JOHNSON: You know, having been in New Hampshire and having been in the Midwest, what I have recognized is that 30 percent of Republican voters believe the scourge of the Earth is Mexican immigration. Now, it was my voice in 2012 that said "No, that's not the case," but I know that that group exists. And you know, when things are bad, you look for a scapegoat and, in this case, "They're taking jobs that U.S. citizens could have!" Well, no, they're not. They're not murderers and rapists. And the notion of rounding up eleven million undocumented workers, how's that going to work out in New Mexico where 50 percent of the population is Hispanic? Well, they're gonna…the federal government's going to start knocking on doors? It goes and on.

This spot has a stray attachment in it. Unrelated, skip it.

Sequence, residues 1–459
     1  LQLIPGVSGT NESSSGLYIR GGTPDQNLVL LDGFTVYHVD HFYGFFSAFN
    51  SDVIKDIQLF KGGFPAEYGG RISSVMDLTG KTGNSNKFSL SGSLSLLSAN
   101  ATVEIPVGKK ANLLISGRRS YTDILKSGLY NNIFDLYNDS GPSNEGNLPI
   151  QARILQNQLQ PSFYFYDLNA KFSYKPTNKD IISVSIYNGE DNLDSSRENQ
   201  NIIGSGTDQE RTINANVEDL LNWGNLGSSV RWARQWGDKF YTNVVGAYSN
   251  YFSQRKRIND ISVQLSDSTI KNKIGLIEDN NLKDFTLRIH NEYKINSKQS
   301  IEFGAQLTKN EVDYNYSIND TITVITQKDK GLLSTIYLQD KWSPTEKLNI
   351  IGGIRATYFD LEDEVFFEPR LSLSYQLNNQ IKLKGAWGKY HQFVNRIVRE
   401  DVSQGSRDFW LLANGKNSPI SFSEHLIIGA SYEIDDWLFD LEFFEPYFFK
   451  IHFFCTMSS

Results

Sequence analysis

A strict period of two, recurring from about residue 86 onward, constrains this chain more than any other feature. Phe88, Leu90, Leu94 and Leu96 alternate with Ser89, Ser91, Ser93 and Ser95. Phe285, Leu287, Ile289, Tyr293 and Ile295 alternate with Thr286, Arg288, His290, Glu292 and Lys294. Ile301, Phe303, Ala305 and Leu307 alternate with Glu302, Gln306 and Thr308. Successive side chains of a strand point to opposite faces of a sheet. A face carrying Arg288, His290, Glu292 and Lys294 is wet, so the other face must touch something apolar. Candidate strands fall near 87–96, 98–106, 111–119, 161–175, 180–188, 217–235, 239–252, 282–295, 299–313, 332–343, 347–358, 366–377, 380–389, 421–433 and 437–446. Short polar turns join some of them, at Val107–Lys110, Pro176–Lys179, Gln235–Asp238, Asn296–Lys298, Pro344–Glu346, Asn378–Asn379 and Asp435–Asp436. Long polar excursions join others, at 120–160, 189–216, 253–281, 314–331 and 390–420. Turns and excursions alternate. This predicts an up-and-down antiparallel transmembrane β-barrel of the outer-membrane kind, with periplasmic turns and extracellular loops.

WELD: But the other thing is the rule of law and the Constitution, and we pride ourselves on the rule of law in this country, not only socially and in terms of our government, but also our economy, both domestic and foreign. Now, Mr. Trump has suggested he would slap on a 45 percent tariff on Chinese goods, 35 percent tariff on Mexican goods, build a huge wall and make the Mexicans pay for it. Any number of things that would violate his duties under the Constitution. He sent a fundraising letter to members of foreign legislatures. That's a violation of the Emoluments Clause. We would be hold before the Court of International Justice in Hague as a rouge nation if we did everything Donald Trump has proposed in the area of foreign policy. I'm not kidding!